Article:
I mean, how many Native American weapon and armor fetishes have been lost? C.S. weapons? Northern Gun weapons form independent kingdoms? Whatever weapons Archie and Hagen toss about, in addition to the Shemmarian inspired weapons that sometimes get handed over? And that isn't including Techno-Wizard weapons, which are much more "choosey" about who can use them, since P.P.E. clips are a recent thing. (In my settings, a small percentage, say about 2-3%, or the population have developed an ability similar to psionics. Instead of having powers, they get 4D6+P.E.+1D6 per additional level P.P.E., and can instinctively use it to power T.W. weapons and a few other (super) naturally occurring options. But that isn't common, and I guess isn't strictly relevant really.)

And the whole time, these weapons are changing hands, into and out of bandit hands. What happens when you take out a group of say, 10 bandits, and gather their gear, and sell it to someone else? A town, a traveling merchant arms dealer, a Wilks/Triax/NG weapons store, what ever. Do they break the weapons down for parts? Possibly, but not likely. Instead, they issue or sell them, depending, and likely at a premium price too, just to move them. (Unless you are the Black Market, in which case you charge more than the weapon is actually worth, and no one calls B.S. on it...) These weapons get sold to whomever has the money, and if a bandit groups gets a decent score, wanders into town, and sees a dozen old but serviceable laser rifles on sale cheap, they might even opt to spend some of their ill gotten gains to simply purchase more equipment, possibly even better equipment of they are hard scrabble enough.

The point is, there is no reason this gear isn't easily, almost believably obtainable...the mystery is why there is an extra zero on the end of most of it?!

Especially the freaking E-Clip recharge rates!!! I call freaking shenanigans!!!
.


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Unread postPosted: Sat Mar 16, 2013 5:27 am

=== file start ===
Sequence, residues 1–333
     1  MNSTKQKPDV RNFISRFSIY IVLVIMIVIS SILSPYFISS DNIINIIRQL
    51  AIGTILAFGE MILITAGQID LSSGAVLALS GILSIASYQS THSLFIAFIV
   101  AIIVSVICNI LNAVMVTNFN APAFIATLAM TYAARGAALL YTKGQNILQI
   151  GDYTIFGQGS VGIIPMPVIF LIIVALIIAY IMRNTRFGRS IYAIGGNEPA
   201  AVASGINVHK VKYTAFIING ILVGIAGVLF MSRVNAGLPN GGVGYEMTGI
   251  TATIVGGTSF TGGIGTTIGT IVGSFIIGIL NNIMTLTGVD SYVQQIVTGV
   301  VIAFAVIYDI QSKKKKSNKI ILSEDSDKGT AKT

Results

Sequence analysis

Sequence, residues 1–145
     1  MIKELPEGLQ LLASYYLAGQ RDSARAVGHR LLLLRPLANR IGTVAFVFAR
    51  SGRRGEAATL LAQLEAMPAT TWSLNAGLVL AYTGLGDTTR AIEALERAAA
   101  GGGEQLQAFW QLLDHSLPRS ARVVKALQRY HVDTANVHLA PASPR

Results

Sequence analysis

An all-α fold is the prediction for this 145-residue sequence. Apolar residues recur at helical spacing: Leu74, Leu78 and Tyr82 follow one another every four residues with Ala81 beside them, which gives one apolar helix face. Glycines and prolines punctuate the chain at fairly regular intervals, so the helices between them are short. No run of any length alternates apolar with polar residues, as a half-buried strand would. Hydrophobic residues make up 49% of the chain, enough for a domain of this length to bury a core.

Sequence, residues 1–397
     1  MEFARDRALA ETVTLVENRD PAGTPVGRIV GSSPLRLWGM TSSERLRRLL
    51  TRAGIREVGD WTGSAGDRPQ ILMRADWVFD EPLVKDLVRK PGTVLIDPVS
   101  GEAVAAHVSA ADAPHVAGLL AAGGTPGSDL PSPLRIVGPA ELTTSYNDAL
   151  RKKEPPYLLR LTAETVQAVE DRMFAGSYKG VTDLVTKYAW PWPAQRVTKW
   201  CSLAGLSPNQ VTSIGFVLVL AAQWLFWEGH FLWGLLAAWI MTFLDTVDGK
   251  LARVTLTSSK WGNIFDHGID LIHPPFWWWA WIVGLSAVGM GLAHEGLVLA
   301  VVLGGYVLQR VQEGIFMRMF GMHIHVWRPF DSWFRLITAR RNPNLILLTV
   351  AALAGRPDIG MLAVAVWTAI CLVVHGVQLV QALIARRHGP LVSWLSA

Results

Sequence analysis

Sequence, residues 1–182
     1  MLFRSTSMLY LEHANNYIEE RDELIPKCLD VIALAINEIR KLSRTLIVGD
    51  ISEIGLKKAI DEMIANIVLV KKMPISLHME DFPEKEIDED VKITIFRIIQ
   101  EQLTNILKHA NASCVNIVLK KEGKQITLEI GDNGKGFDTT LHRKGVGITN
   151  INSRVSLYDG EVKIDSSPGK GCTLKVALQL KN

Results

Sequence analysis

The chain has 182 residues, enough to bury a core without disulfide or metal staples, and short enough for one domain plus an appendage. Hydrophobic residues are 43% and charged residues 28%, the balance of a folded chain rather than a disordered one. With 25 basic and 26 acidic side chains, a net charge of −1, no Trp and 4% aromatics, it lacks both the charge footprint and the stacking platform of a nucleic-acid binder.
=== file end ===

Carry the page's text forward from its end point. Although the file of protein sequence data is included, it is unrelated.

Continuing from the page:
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Gryphon, I'm going to say it before the OP gets a chance. "But where did they come from? How did the all those pre-apocalypse dealers, armies, Nema, police, anybody get their MDC equipment? How did they ever come up with enough money (in their huge golden age cities/states/nations) to purchase even the cheapest MDC item? To say that there were thriving economies just handballs the issue and isn't a logical answer."


They see me trollin'. They hatin'.

Gryphon, thank you for the precise, accurate (afaiac), and logical explanation.
If the anyone finds fault with your logic as to how MDC items are relatively commonplace (but not by simply everyone), then I call that being critical just for the sake of it.

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keir451 wrote:
Amazing Nate; Thanks for your support!

Razzinold wrote:
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The Oh So Amazing Nate!

Nate, you sir win the internet for today! You've definitely earned the "oh so amazing" part of your name today. :lol:


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Unread postPosted: Sat Mar 16, 2013 8:00 am
  

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flatline wrote:
Rallan wrote:
Or in other words I've long since given up even trying to apply common sense to Rifts, because the source material is completely devoid of it. The more you think about stuff like economics, the more you realise that it's completely ****** and makes no sense at all.


The setting is totally salvageable if you're willing to make the effort. As I mentioned before, if you "fix" MD/MDC, then suddenly you can apply real world economics.

Unfortunately, fixing the setting only goes so far if you insist on using the system as presented.

--flatline